Basil of Caesarea and His Leprosarium

Basil of Caesarea is mostly known for his theological clarity at a time when important Christian doctrines on the Trinity and the nature of Christ were being debated and refined. A few know him for his charitable works on behalf of the poor and ill.

            In a day when charities abound, it’s difficult to understand how revolutionary Basil’s work was in his day. While charity was certainly extolled by some Greco-Roman philosophers and applied in some measure by the Roman government, the idea of giving of one’s properties and time without expecting anything in return was still generally alien.

            In 361, Emperor Julian found Christian charity to be a major obstacle to his plan of leading the empire back to its pagan traditions. The poor and needy, which constituted the majority of the population, flocked to Christian institutions where they received acceptance, love, and assistance. In response, he tried to teach his pagan priests to do the same, but didn’t live long enough to see his dream come true.

            In any case, Christians like Basil who built charitable institutions had to overcome centuries of public indifference, as demonstrated in the pleading sermons given by Basil, his brother Gregory, and other preachers of their times, such as Gregory Nazianzen and John Chrysostom. These sermons aimed at shaking the wealthy from their complacency and denouncing the hoarders and profiteers.

            Basil’s work was also revolutionary in a Christian context, as he reinterpreted the prevalent drive to monasticism as a commitment to help others rather than as a life of seclusion.

            With this concept in mind, he built one of the first hospitals for lepers (later known as Basilias) on the outskirts of his bishopric in central Turkey. It was an impressive complex, which included an actual hospital, a convalescent home, an orphanage, and residences for the staff (physicians, nurses, and clergy). Assistance to lepers included a program for recovery and a vocational training to reintegrate them into society. All care was rendered free of charge.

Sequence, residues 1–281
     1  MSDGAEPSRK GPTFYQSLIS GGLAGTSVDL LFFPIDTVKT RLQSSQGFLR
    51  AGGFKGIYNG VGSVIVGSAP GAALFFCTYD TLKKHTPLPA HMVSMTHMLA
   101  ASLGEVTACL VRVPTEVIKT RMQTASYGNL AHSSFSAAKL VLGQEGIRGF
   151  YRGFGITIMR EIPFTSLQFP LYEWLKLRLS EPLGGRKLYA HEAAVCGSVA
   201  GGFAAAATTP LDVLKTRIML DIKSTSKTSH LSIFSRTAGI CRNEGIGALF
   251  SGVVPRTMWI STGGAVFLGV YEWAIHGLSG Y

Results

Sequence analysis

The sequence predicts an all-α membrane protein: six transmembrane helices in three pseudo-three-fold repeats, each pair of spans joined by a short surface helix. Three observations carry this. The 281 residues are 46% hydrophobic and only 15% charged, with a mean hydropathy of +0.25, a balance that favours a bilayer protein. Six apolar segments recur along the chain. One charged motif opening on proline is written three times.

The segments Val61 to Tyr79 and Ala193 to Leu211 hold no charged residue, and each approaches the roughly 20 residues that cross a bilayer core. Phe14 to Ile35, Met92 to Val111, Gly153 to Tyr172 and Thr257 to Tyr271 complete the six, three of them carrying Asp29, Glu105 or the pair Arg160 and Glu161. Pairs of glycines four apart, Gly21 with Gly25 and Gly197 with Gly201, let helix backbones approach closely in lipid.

Basil’s Life

Born in the region of Cappadocia (in today’s Turkey) around the year 330, Basil received excellent education in Athens, together with his best friend Gregory of Nazianzus. There, the two young men committed to living a Christian life.

            Basil was drawn to a stricter model of monasticism than Gregory, but came to the conclusion that, rather than withdrawing from the world, monastic groups should work for the good of others. His sister Macrina was instrumental in bringing him to this realization.

            In spite of the decision made at the Council of Nicea, the Arian controversy was still raging, largely due to the Arian tendencies of most emperors. Gifted with an impressive clarity of logic and expression, he and Gregory successfully debated several Arian theologians and rhetoricians.

            In 371, Basil (then bishop of Caesarea) shocked the Emperor Valens’s prefect Modestus with a blatant refuse to come to a compromise with the Arian doctrine. When Modestus commented that no one had ever spoken to him that way, Basil replied, "Maybe you have never had to deal with a bishop."

            Finally, after several unsuccessful attempts to banish Basil and restrict his influence, Valens visited him in person. Impressed by his preaching, he ended up donating to Basil some land for the building of the Basilias. In 373, he and sent him on a mission to Armenia.